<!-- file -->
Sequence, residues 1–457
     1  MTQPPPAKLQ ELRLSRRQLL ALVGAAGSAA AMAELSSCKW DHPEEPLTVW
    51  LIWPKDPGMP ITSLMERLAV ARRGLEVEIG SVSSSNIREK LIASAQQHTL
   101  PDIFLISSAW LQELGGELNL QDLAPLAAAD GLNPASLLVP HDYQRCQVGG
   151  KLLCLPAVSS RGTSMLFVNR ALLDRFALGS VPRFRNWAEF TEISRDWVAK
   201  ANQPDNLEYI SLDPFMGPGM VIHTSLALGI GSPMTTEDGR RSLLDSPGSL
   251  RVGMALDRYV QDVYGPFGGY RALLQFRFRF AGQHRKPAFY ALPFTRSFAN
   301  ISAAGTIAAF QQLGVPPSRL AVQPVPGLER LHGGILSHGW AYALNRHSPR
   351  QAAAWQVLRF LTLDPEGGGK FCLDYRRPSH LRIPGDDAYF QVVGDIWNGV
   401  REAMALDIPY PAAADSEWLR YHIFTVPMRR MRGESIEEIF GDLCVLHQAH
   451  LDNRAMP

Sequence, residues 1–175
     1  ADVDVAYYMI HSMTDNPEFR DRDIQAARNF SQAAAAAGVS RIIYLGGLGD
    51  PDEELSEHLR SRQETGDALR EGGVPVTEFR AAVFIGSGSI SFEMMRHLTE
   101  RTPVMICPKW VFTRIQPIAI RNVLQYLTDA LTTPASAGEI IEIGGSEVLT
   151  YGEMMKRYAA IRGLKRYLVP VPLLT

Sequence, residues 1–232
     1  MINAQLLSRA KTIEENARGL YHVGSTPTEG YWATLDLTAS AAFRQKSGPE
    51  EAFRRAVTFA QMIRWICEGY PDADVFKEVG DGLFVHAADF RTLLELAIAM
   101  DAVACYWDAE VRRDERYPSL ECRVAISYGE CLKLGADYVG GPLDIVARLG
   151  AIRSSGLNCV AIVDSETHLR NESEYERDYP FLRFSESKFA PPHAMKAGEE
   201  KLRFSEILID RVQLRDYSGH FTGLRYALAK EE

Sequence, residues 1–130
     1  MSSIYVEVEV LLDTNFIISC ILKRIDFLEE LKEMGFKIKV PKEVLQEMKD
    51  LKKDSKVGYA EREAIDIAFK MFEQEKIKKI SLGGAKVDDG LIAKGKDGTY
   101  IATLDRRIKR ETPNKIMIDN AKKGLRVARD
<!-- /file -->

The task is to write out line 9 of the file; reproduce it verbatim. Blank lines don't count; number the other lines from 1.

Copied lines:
   351  QAAAWQVLRF LTLDPEGGGK FCLDYRRPSH LRIPGDDAYF QVVGDIWNGV